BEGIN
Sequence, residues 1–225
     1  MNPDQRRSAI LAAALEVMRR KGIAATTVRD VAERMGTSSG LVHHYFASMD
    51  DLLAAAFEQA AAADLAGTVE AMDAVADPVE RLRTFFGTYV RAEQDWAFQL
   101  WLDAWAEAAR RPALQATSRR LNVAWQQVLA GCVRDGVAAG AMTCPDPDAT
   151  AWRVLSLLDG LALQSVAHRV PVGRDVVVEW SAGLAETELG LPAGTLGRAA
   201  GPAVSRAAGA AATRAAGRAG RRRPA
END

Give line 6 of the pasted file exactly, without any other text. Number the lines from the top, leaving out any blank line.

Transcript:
   201  GPAVSRAAGA AATRAAGRAG RRRPA